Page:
By Dr. Don Eisenhauer
“I love being with people who are dying!”
How many times have you heard that statement? Probably none. The opposite is the norm. Most people want to avoid being with someone who is dying. They thing things like, “What do I say? What do I do?” It can be uncomfortable and scary. It can feel weird. Isn’t it taboo to even talk about it?
Would this statement sound better? “I am passionate about the end of life.” Conversations can instantly turn awkward when I say this.
But this is who I am. For example, I collect funeral flags. On the east coast of the United States where I live, it is customary to hold funeral services in a place of worship or in a funeral home. Following the service, the participants drive their cars in procession to the graveside, where there is a committal service before the burial. In order to identify the cars as being part of the funeral procession, magnetic flags are placed on the hoods of the cars. These flags come in various colors and have the word “funeral” written across them. I collect these funeral flags, displaying them on my desk; my desk is currently filled with them. I have funeral flags of various shapes and colors in view of everyone who walks in my office.
I love what I do; I love being with people who are dying. I am passionate about end of life.
I wasn’t always this way. When I began working as a hospice chaplain, I was also caring for my dying father. Knowing I would spend most of my working hours with people who were dying, I was concerned. How would I handle it? Would I be able to handle it? I imagined it would be difficult and I wondered if I would get burned out in a short time. I was committed to being there for Dad, and I wondered if would also have the emotional energy to give to the dying patients and their families.
Much to my surprise, I found that I loved what I was doing. I loved being with people who were dying. As a matter of fact, I was drawn to them. As time went on, I realized that I preferred being with the dying more than the living (those who do not know they are dying.)
Eventually, I came to realize that there were numerous reasons for this. The primary reason was because the dying have so much to teach us. As Mitch Albom writes in Tuesdays with Morrie, “Once you learn how to die, you learn how to live.”
I love being with people who are dying because they teach me the way I want to live my life everyday. They know what is important, and they don’t waste time on things that are not. They focus on things that really matter. For over 20 years I’ve spent the majority of my time with the dying and the grieving. I have gathered about 25 of these life lessons that the dying have taught me in an upcoming book Dying to Live: Lessons Learned from the Dying. I can honestly say I live my life differently now.
The foundation of each one of these lessons is the desire to live life fully, for as much time as we have. Life on this earth is short for each one of us—a lot shorter for some than others. The Covid-19 pandemic has brought this reality to our minds like never before. We see or hear about young, healthy people dying, and we don’t know who will be next. “It could be me,” many of us realize.
Ira Byock, in his book The Four Things That Matter Most puts it this way, “We live every moment on the brink. We are, each one of us, at every moment, a heartbeat away from death.” To many, these words bring fear. The mere mention of the reality of death and dying brings fear. To many, the collecting of funeral flags is fearfully absurd.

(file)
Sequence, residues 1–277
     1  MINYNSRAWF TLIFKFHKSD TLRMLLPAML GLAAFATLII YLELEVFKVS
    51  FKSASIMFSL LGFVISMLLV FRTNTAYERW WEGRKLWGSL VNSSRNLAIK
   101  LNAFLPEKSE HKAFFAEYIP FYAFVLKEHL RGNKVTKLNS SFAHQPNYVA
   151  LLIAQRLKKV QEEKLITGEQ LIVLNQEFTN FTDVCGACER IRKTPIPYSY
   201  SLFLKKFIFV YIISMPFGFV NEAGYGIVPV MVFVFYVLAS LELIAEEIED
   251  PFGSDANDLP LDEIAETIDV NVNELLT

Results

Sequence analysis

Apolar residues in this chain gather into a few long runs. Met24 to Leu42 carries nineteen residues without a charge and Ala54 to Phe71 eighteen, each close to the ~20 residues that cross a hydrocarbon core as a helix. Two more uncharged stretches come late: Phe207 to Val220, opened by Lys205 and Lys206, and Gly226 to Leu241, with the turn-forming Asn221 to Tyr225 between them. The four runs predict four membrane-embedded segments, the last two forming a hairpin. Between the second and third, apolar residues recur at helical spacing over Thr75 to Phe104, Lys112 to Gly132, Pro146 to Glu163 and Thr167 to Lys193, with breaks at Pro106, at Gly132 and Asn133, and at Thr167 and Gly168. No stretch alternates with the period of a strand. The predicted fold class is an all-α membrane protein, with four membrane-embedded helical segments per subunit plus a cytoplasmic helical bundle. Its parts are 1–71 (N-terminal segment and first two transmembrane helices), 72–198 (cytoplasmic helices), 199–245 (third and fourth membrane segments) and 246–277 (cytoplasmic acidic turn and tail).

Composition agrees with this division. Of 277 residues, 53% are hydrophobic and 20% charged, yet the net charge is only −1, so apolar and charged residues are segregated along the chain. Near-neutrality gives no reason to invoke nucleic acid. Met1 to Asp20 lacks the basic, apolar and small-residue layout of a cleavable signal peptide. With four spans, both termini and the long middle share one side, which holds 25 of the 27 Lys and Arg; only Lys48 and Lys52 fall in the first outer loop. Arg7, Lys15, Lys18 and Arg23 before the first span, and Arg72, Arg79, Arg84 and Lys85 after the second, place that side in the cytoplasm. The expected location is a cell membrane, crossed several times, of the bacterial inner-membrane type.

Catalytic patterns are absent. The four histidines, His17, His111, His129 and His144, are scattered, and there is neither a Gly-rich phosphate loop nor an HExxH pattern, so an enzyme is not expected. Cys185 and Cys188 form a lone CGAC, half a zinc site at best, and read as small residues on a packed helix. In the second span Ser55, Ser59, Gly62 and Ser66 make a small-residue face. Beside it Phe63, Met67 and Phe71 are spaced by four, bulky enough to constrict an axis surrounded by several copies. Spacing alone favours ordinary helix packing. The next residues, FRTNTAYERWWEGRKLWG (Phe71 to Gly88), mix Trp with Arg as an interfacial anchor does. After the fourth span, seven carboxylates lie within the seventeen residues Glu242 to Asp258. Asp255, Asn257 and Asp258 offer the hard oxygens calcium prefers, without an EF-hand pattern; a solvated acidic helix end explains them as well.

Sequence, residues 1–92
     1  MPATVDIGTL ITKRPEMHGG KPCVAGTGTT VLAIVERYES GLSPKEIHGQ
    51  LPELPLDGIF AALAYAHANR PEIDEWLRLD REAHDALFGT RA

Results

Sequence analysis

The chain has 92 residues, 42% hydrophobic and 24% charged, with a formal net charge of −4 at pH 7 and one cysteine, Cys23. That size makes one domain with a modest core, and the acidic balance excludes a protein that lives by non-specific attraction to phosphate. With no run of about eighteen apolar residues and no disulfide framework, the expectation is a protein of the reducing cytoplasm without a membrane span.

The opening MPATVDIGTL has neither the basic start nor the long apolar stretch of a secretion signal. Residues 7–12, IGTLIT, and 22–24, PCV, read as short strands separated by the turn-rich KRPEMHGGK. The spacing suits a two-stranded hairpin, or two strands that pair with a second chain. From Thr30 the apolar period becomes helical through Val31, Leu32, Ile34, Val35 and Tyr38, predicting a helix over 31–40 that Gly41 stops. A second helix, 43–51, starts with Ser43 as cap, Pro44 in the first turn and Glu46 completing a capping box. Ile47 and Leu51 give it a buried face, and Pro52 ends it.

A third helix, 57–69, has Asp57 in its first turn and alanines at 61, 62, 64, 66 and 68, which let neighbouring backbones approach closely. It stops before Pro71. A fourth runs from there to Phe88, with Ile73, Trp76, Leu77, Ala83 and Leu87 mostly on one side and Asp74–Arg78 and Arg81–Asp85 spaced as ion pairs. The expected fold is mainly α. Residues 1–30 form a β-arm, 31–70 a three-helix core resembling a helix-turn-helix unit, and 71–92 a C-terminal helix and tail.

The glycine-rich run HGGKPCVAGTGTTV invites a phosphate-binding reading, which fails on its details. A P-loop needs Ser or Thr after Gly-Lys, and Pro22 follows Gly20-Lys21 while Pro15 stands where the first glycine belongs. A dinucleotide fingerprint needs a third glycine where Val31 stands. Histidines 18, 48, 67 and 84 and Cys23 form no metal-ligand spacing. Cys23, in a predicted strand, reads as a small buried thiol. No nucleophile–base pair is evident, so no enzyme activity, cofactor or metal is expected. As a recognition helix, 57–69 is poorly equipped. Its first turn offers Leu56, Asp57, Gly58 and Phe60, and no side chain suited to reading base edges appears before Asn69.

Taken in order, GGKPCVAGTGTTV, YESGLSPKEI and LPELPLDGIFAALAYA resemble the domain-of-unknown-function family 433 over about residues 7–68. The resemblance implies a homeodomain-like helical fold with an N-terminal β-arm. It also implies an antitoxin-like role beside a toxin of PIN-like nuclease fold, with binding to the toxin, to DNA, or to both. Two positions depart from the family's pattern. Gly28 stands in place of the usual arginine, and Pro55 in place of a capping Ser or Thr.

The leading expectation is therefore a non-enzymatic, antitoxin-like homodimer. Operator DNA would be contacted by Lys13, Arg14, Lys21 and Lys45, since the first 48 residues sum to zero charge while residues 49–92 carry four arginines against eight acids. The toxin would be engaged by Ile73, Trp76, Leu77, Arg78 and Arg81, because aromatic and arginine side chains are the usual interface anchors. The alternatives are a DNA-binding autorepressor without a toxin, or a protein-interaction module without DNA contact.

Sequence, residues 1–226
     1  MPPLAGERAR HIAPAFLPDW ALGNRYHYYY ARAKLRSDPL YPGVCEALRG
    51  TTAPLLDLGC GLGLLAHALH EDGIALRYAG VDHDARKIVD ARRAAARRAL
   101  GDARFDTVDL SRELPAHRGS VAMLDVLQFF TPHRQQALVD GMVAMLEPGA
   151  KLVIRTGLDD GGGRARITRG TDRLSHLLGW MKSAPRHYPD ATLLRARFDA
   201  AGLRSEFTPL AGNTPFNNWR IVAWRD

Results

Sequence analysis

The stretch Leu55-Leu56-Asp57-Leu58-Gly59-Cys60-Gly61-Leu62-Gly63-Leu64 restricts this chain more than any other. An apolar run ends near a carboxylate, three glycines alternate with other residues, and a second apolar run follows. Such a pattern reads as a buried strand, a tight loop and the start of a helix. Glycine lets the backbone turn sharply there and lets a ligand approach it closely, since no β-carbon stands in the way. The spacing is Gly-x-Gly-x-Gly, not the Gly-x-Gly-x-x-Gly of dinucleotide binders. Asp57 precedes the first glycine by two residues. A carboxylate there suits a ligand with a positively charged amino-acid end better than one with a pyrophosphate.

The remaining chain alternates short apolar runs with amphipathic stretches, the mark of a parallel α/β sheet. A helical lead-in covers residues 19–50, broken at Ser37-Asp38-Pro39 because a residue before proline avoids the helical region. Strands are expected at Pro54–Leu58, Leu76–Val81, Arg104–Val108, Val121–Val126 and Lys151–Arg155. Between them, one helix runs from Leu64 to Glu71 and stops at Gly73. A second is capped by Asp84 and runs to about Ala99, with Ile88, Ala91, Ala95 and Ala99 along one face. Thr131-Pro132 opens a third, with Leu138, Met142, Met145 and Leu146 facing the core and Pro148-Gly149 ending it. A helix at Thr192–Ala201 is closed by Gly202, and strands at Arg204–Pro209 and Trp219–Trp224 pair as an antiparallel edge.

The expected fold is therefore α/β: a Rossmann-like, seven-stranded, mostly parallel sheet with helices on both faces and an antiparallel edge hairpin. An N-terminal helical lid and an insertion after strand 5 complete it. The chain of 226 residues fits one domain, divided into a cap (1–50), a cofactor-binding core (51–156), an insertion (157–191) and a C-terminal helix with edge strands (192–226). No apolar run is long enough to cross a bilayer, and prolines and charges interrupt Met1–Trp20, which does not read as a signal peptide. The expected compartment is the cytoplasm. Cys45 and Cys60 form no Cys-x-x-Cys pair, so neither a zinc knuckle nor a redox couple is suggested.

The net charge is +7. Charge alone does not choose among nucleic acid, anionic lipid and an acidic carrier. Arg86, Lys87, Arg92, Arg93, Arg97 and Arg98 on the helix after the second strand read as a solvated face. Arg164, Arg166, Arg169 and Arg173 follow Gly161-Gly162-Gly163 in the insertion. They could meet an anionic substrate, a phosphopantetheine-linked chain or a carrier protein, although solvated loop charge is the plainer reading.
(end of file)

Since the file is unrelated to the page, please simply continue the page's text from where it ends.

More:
Yet in the midst of that fear, my prayer is that this current reality will also cause each of us to live the life that we have even more fully.
Facing the reality of death and dying can encourage us to make the most of every single day. In addition, it can provide opportunities for growth as we prepare for eternity. Seeing our earthly lives from an eternal perspective helps us to grapple with what is to come, whether death is a moment or many decades away.
How well are you doing with this? Do you live fully each day? Do you shy away from thinking about the end of your earthly life? It is not necessary for you to collect funeral flags. I have that covered. But it is important for each one of us to learn how to live life fully, even in the midst of a pandemic.
In the 1994 movie, Shawshank Redemption, Andy Dufresne told Red Redding that it was a simple choice to “get busy living or get busy dying.” Which one are you busy doing?
How do you feel after reading this blog post? Are you comfortable talking about death and dying? Who is someone you could have a first conversation with, sharing your thoughts about death? For more, the author has a free resource available, Ministering to Grieving People. To go deeper on this topic, join the author for this online course.
About the Author
Dr. Don Eisenhauer is the founder and president of Coaching at End of Life, LLC. In addition to doing end of life coaching and leading grief support groups, Dr. Eisenhauer served for 15 years as a pastor, having been ordained in the United Church of Christ, and he served for 19 years as a Hospice Chaplain and Bereavement Coordinator for a Hospice in Pennsylvania. An Eastern Pennsylvania native, he holds both a Doctorate of Ministry and a Masters of Divinity. He is certified in Critical Incident Stress Management and Clinical Pastoral Education and is the author of several books, including “Coach Yourself Through Grief.” Dr. Eisenhauer currently lives in Montgomery County, Pennsylvania with his wife, Sue. They are parents of an adult daughter, Jane, who resides in the Boston area.
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Hybrid Ministry in a Post-Pandemic Church
Understanding, Exploring, & Managing Bias and Burnout
Mere Science and Christian Faith
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